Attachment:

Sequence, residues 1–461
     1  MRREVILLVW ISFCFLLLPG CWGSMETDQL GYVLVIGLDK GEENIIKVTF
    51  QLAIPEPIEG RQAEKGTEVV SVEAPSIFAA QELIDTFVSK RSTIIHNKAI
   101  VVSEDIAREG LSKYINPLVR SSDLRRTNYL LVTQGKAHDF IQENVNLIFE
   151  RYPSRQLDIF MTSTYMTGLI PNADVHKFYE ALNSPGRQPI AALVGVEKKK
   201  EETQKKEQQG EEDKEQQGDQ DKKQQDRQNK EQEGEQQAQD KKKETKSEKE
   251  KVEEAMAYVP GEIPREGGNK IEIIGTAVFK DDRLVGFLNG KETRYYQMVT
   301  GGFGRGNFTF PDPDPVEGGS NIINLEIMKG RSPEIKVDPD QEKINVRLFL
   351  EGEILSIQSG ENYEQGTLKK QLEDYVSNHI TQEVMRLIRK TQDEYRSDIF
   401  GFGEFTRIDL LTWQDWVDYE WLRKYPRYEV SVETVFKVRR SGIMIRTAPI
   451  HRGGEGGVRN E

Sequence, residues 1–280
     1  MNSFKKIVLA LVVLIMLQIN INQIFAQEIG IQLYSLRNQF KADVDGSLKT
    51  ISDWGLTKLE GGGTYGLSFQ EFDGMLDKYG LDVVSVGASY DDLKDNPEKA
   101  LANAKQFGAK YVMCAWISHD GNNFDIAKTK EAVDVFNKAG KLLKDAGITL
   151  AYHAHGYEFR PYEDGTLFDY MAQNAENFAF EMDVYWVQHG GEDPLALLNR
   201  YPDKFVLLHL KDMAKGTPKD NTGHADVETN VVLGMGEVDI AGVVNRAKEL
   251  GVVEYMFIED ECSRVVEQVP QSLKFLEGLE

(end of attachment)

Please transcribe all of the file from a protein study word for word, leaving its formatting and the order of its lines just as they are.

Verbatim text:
Sequence, residues 1–461
     1  MRREVILLVW ISFCFLLLPG CWGSMETDQL GYVLVIGLDK GEENIIKVTF
    51  QLAIPEPIEG RQAEKGTEVV SVEAPSIFAA QELIDTFVSK RSTIIHNKAI
   101  VVSEDIAREG LSKYINPLVR SSDLRRTNYL LVTQGKAHDF IQENVNLIFE
   151  RYPSRQLDIF MTSTYMTGLI PNADVHKFYE ALNSPGRQPI AALVGVEKKK
   201  EETQKKEQQG EEDKEQQGDQ DKKQQDRQNK EQEGEQQAQD KKKETKSEKE
   251  KVEEAMAYVP GEIPREGGNK IEIIGTAVFK DDRLVGFLNG KETRYYQMVT
   301  GGFGRGNFTF PDPDPVEGGS NIINLEIMKG RSPEIKVDPD QEKINVRLFL
   351  EGEILSIQSG ENYEQGTLKK QLEDYVSNHI TQEVMRLIRK TQDEYRSDIF
   401  GFGEFTRIDL LTWQDWVDYE WLRKYPRYEV SVETVFKVRR SGIMIRTAPI
   451  HRGGEGGVRN E

Sequence, residues 1–280
     1  MNSFKKIVLA LVVLIMLQIN INQIFAQEIG IQLYSLRNQF KADVDGSLKT
    51  ISDWGLTKLE GGGTYGLSFQ EFDGMLDKYG LDVVSVGASY DDLKDNPEKA
   101  LANAKQFGAK YVMCAWISHD GNNFDIAKTK EAVDVFNKAG KLLKDAGITL
   151  AYHAHGYEFR PYEDGTLFDY MAQNAENFAF EMDVYWVQHG GEDPLALLNR
   201  YPDKFVLLHL KDMAKGTPKD NTGHADVETN VVLGMGEVDI AGVVNRAKEL
   251  GVVEYMFIED ECSRVVEQVP QSLKFLEGLE